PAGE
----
The Judaizers in Paul’s day brought false charges against him much like the Judaizers of this century. Because he taught that people are saved by grace, not through observing the law, the Judaizers accused him of teaching lawlessness. Paul wrote the epistle of Galatians to deal with the deceptive effects of the Judaizers bewitching the Galatians with their distorted gospel.
Salvation is only through faith in Christ, not religious works. Paul points to Abraham as an example. Romans 4:3 quotes Genesis 15:6, “Abraham believed God, and it was accounted to him as righteousness.” In Galatians 3:17, Paul writes, “the law, which was 430 years later, cannot annul the covenant that was confirmed before by God in Christ.” Clearly Abraham was not saved by keeping the law or by circumcision. Passover, the feasts, and the sacrifices did not come until after the 400 years of slavery in Egypt.
The Life Application Study Bible lists three distortions of Christianity: Judaized Christianity, Legalistic Christianity, and Lawless Christianity. Judaized Christianity’s definition of a Christian is: “Christians are Jews who have recognized Jesus as the promised Savior. Therefore, any Gentile desiring to become a Christian must first become a Jew.” This is what the Hebrew Roots movement wants to do today. They say that Christians must observe the same rituals and festivals that Jesus and the apostles did. The New Testament never teaches that Gentiles must become Jews first, in fact, it teaches quite the opposite.
Legalistic Christianity defines Christianity this way: “Christians are those who live by a long list of don’ts.” Good behavior earns God’s favor. Lawless Christianity says, “Christians live above the law. They need no guideline. God’s word is not as important as our personal sense of God’s guidance.” True Christianity teaches, “Christians are those who believe inwardly and outwardly that Jesus’s death has allowed God to offer them forgiveness and eternal life as a gift. They have accepted that gift through faith and are seeking to live a life of obedient gratitude for what God has done for them” (Page 2149).
The Judaizers’ claim that true Christianity leads to lawlessness shows that they did not understand the basis of salvation. Paul summed it up well: “Walk in the Spirit, and you shall not fulfill the lust of the flesh” (Galatians 5:16). You received the Holy Spirit when you accepted Christ. The Holy Spirit will not guide you into lawless activities. In Galatians 5:18 Paul wrote, “But if you are led by the Spirit, you are not under the law.” Later he enumerated the fruit of the spirit in verses 22 and 23. The Holy Spirit will not guide you into the works of the flesh mentioned in verses 19-21.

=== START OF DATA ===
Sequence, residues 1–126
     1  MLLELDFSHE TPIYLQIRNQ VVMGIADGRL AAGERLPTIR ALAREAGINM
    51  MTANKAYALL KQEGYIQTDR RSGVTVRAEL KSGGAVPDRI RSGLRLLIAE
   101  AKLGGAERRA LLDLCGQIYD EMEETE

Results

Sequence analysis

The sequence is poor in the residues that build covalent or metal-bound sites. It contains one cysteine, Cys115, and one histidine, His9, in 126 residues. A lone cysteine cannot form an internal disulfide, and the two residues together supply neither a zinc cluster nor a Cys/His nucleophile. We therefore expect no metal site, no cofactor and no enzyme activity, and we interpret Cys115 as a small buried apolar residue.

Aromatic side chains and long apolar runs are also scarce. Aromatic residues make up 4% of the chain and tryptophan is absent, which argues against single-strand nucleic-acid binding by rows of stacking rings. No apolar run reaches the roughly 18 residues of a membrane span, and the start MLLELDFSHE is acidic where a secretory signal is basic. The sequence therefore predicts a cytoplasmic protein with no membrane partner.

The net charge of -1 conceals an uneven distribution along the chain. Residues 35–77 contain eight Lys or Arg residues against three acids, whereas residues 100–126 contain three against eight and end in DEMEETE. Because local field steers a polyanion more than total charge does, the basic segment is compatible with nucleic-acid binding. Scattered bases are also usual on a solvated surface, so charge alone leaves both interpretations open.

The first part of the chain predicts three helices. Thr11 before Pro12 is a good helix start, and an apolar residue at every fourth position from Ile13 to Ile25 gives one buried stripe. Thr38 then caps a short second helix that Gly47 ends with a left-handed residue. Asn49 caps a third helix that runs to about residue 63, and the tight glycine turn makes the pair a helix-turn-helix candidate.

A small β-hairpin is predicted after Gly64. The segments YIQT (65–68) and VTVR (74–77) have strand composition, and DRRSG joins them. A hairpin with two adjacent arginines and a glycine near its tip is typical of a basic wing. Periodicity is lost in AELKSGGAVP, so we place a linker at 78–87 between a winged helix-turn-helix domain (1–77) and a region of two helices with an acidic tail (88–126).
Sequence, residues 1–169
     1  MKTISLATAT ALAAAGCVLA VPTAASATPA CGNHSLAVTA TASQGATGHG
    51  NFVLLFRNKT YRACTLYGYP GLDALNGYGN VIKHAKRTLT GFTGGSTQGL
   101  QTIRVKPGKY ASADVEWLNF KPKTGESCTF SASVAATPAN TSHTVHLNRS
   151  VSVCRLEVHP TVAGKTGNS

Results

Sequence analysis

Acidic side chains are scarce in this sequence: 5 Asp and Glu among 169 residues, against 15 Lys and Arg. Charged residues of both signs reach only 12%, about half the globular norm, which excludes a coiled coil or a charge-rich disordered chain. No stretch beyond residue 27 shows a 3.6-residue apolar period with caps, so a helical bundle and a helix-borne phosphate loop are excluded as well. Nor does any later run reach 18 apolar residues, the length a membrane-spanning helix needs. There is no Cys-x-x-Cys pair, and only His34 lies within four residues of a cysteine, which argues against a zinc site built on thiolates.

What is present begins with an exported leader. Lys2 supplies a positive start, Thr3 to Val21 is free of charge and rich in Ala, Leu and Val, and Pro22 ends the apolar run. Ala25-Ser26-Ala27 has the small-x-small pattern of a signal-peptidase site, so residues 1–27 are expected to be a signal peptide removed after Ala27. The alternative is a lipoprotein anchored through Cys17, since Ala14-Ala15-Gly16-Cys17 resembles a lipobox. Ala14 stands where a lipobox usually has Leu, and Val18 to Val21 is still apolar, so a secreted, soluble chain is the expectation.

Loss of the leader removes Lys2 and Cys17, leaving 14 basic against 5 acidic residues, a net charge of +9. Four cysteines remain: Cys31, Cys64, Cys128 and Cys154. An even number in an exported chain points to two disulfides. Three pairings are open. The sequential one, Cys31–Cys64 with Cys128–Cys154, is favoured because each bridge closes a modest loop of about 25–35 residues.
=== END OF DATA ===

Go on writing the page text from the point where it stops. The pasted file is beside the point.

Accepting Christ means that we have a new master. We are no longer slaves to sin. We no longer live lives of lawlessness. Accepting Christ means that we have repented from our old way of life and have been raised with Christ to walk in newness of life (Romans 6:4).
2 Timothy 2:19 says, “Let everyone who names the name of Christ depart from iniquity.” True Christians must turn away from sin and let the Spirit produce fruit in our lives. So what law do Christians follow? In the Old Testament we find three categories of laws: Ceremonial law, Civil law, and Moral law. As Christians we are certainly to keep moral law. Being free from the law does not mean that we are free to murder, steal, or commit adultery. Laws against those things still apply to Christians today, but the Jewish Ceremonial law no longer applies to Christians. Its purpose was to point toward Christ. These laws are no longer necessary after Christ’s death and resurrection. Although not binding upon us, they teach us a great deal about a holy God. We can learn from their principles, but we do not have to become Jews first.
The Judaizers in Galatia had convinced the Christians to return to the “weak and beggarly elements to which [they] desire again to be in bondage. [They] observe days and months and season and years” (see Galatians 4:9-11) like the Jews had. Paul felt as though he labored in vain since they were returning with the Judaizers to the Jewish ceremonial law which Christ had fulfilled.
Walking with the Spirit is more difficult than being able to check off a list of religious activities. Walking with Spirit requires a relationship, not merely external behaviors.